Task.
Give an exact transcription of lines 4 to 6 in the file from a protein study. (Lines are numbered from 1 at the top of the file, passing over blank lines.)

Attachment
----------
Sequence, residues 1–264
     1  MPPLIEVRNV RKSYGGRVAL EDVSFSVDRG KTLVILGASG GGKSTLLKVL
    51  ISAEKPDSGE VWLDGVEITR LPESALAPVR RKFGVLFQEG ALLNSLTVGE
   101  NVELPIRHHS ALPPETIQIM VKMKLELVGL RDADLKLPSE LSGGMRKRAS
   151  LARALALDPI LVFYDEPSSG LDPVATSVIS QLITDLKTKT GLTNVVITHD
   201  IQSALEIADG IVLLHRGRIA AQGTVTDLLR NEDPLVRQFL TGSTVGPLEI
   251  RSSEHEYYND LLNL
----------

   101  NVELPIRHHS ALPPETIQIM VKMKLELVGL RDADLKLPSE LSGGMRKRAS
   151  LARALALDPI LVFYDEPSSG LDPVATSVIS QLITDLKTKT GLTNVVITHD
   201  IQSALEIADG IVLLHRGRIA AQGTVTDLLR NEDPLVRQFL TGSTVGPLEI